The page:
Sick with a cold, tired from the non-stop and just a bit weary from the sick and tired, I drove home down 104 Ave this afternoon in a rush hour that felt like a funeral procession.
And hungry. Right, no lunch. Add hunger to the list. No doubt, I was suffering. I’m not aware of anyone who suffers quite like I do. Shelagh, sitting next to me in the car, would likely agree.
And not on my bike. Let me keep counting the woes.
We turned off at 122 Street, parked the car and headed for Blue Plate. I ordered an Old Fashioned. A stabilizer, as my friend Al would say. I sipped it. Contemplated the maraschino cherry pinned between the glass and the ice cube die. Remembered how my parents said mar-a-SHEE-no, but Bogart said mar-a-SKEE-no. We talked about music. Shelagh remembered parties where she first heard Dire Straits and Talking Heads. We’ve been telling each other stories for 35 years. I hadn’t heard that one before. That was nice.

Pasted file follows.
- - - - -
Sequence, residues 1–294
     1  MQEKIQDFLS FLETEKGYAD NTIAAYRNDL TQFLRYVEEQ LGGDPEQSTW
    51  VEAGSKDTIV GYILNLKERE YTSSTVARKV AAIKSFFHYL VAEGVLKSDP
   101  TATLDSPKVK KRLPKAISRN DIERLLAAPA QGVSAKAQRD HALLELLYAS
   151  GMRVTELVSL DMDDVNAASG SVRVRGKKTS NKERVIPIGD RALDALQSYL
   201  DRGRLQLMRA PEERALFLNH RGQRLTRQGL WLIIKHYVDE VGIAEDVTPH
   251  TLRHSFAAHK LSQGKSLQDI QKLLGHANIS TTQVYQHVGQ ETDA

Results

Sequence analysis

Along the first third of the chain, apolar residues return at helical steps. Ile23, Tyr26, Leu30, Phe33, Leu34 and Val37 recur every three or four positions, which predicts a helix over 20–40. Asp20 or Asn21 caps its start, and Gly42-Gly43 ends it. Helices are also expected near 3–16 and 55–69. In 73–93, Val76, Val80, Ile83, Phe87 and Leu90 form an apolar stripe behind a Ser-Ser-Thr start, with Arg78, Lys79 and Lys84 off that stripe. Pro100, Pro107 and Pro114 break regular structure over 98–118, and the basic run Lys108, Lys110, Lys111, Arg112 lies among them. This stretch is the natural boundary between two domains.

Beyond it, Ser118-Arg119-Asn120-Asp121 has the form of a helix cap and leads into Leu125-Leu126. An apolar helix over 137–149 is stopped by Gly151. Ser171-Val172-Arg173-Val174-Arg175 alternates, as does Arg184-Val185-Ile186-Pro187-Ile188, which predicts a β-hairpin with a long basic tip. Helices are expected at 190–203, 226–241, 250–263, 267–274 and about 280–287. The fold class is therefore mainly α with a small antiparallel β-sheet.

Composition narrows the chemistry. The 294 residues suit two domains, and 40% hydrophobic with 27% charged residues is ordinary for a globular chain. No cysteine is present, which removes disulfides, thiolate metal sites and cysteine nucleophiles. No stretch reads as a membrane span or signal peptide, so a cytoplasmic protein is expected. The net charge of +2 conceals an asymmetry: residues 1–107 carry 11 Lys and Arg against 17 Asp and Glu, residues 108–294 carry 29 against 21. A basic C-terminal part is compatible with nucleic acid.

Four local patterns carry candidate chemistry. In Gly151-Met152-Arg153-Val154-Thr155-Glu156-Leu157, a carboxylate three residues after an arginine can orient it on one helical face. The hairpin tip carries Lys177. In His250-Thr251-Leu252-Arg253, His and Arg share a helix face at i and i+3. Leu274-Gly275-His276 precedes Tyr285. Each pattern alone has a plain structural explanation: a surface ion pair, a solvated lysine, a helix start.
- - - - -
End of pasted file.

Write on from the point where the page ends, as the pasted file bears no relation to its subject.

The restaurant melted.
“That is so nice,” a woman said from a table behind us.
Later, the boy’s father walked up to our table and said he had noticed I had captured the moment and would I be kind enough to share the pics? He was overwhelmed by the firefighter’s kindness. There were tears in his eyes. I texted him the pics. We talked a bit. His family is francophone de l’Alberta. We spoke a bit of French.
There is so much that I am not certain about anymore. So much that’s murky. But I know for sure that that father loved his son.
I felt in the world again. Maybe we don’t need to find rest as much as we need to see kindness.